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LAS2028 : Diversidad Cultural en America Latina

  • Offered for Year: 2020/21
  • Module Leader(s): Dr Nick Morgan
  • Lecturer: Dr Fernando Da Silva Beleza Correia Pinto, Dr Josep Cru Talaveron, Professor Rosaleen Howard
  • Owning School: Modern Languages
  • Teaching Location: Newcastle City Campus
Semester 1 Credit Value: 10
Semester 2 Credit Value: 10
ECTS Credits: 10.0


In consonance with the overall aims of the degrees offered in the SML, the module aims to
•       build upon skills gained at Stage 1
•       acquaint students with the multicultural and multilingual nature of contemporary Latin America
•       introduce students to some key concepts and debates in social anthropology
•       introduce students to cultural and political issues at stake in Latin American society
•       develop inter-cultural awareness

The module introduces anthropological approaches to the study of multiculturalism, with specific focus on Latin America, and the Latin American diaspora. It examines cultural diversity in the region in contemporary perspective, with special attention to the roles of ethnicity, gender and class in the construction of social identities. We look at indigenous, mestizo, black and gendered identities through cosmology, religion, music and dance; the influence of tourism; youth cultures;and the role of political action. Special emphasis is placed on the interrelationship between ´tradition´ and ´modernity´ in contemporary society, and the meanings of these terms is explored. Concepts from cultural studies such as hybridity, transculturation, and border thinking will shed light on the social meanings of cultural diversity in ‘postcolonial’ Latin America. A range of case studies from across the region will be used to illustrate these topics.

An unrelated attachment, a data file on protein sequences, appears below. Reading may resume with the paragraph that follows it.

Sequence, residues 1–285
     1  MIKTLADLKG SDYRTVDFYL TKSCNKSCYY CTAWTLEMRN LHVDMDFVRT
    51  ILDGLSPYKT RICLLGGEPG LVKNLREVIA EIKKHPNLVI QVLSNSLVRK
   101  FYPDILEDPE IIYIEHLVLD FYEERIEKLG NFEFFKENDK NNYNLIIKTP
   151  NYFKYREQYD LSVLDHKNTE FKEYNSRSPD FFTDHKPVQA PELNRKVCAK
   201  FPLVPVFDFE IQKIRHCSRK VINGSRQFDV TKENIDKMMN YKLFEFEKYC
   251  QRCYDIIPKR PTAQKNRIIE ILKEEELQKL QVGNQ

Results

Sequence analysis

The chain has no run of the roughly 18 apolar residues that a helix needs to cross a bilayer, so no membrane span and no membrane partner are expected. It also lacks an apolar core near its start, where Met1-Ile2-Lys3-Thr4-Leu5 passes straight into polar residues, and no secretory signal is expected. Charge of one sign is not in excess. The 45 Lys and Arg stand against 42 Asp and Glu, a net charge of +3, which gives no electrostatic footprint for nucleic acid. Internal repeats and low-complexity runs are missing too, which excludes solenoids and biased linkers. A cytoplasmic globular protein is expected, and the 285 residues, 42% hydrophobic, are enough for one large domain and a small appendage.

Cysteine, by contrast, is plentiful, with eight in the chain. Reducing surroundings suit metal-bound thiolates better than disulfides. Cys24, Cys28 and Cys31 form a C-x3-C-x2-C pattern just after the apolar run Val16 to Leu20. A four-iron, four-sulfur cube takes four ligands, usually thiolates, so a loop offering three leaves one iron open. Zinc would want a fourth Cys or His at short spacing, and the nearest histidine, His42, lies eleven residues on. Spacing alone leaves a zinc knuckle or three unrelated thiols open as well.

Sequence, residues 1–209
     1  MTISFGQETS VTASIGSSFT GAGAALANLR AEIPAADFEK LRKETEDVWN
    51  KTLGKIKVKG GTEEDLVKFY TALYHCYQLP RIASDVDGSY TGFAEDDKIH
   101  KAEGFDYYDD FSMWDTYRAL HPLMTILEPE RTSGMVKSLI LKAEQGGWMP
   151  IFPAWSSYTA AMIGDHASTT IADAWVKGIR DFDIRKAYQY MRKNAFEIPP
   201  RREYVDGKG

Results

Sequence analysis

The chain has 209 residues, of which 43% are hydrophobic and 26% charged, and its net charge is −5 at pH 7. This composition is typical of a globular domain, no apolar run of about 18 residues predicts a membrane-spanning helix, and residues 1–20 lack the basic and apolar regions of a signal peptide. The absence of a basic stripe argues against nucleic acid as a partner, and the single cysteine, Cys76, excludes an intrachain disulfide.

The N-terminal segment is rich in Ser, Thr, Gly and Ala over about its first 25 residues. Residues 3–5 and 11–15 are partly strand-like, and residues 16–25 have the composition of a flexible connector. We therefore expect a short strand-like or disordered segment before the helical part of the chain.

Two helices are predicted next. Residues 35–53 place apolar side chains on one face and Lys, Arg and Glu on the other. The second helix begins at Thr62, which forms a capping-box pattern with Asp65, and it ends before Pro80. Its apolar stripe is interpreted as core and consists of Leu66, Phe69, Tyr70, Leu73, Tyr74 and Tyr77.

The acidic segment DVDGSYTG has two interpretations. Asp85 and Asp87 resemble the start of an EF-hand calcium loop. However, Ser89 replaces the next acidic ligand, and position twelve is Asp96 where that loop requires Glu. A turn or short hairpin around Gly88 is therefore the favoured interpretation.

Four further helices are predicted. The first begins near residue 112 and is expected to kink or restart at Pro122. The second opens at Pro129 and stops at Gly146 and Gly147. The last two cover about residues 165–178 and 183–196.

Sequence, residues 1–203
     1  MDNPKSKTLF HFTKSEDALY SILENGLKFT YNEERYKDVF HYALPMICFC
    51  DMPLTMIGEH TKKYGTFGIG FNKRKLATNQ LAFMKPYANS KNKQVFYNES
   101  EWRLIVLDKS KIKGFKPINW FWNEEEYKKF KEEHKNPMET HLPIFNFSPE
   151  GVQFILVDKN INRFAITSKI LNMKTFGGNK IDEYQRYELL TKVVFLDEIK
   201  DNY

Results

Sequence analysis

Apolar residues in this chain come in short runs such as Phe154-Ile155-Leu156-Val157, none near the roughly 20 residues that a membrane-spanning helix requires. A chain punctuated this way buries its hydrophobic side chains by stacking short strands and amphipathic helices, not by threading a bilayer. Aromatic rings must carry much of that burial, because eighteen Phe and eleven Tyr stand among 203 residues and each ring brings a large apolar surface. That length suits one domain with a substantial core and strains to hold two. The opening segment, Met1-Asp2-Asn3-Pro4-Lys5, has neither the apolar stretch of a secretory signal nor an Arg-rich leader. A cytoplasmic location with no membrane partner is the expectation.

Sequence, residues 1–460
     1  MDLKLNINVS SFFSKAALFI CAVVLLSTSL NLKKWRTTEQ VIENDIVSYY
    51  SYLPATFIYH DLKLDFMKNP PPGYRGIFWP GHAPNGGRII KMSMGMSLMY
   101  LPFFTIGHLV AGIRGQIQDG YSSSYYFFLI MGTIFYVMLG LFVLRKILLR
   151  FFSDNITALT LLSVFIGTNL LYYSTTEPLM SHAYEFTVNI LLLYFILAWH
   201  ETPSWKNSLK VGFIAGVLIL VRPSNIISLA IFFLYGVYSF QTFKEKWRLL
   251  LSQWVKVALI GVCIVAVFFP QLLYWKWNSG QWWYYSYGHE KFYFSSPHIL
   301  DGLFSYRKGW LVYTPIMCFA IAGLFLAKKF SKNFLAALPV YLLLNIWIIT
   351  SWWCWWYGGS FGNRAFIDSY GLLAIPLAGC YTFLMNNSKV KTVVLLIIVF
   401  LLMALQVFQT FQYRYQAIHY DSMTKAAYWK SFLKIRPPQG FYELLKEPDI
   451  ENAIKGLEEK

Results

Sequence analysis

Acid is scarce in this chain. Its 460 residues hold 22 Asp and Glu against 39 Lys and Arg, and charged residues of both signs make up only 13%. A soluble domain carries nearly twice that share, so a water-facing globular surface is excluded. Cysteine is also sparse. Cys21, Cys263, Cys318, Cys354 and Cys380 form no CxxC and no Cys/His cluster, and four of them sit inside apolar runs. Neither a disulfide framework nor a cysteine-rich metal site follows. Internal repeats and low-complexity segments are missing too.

Outline Of Syllabus

Precise sessions will vary depending on the availability of staff, particularly in the light of research leave. Sessions will include:

Introduction to anthropological concepts
Ethnicity and the concept of blackness in Latin America
Ethnic identities: from 'indio' to 'mestizo' and back again
Andean cosmovisions: time, space and festive life
Tourism and cultural survival
Popular religion in the Caribbean and Brazil
Borderlands and Diasporas
Essay preparation

Teaching Methods

Teaching Activities
Category Activity Number Length Student Hours Comment
Scheduled Learning And Teaching ActivitiesLecture161:0016:00N/A
Scheduled Learning And Teaching ActivitiesSmall group teaching161:0016:00N/A
Scheduled Learning And Teaching ActivitiesDrop-in/surgery41:004:00N/A
Guided Independent StudyIndependent study1164:00164:00N/A
Teaching Rationale And Relationship

Lectures will provide students with the principal analytical tools required for the module and familiarise them with the basic facts and themes. An interactive style of lecturing will be adopted in order to motivate students and orient them towards the seminar discussion topics. Use will be made of PowerPoint for class presentation, helping students to develop note-taking skills. PowerPoint based handouts will be provided and supplementary sources placed on Blackboard as far as possible. There will be focus on independent study and students will be encouraged to develop their research skills and independence in project management. They will be expected to draw on a range of sources in their written work, and to put together arguments with a level of originality where topics allow.

Assessment Methods

The format of resits will be determined by the Board of Examiners

Other Assessment
Description Semester When Set Percentage Comment
Essay2M801 assessed essay. The essay should be of 2000 including quotations and notes (but excluding bibliography) End of semester.
Written exercise1M20Commentary (800 words) End of semester.
Formative Assessments
Description Semester When Set Comment
Written exercise1MWeek 7, Practice commentary.
Essay2MWeek 5, Practice essay.
Assessment Rationale And Relationship

Students have the option of completing a practice commentary and a practice essay, which will be marked and returned to the student. This will take the form of an essay plan, which should include an introduction, a structure plan of the essay and a conclusion.

The assessed essay provides opportunity for students to engage with the course material and to research other sources on their chosen topic. It also gives them the chance to develop and demonstrate the ability to structure an argument in writing, and to practice referencing skills. The commentary requires the students to engage with some of the abstract concepts which we use in the module for discussing cultural phenomena; for this they will consult some theoretical texts on concepts such as identity, tradition, modernity, ethnicity, culture, and so on.

Reading Lists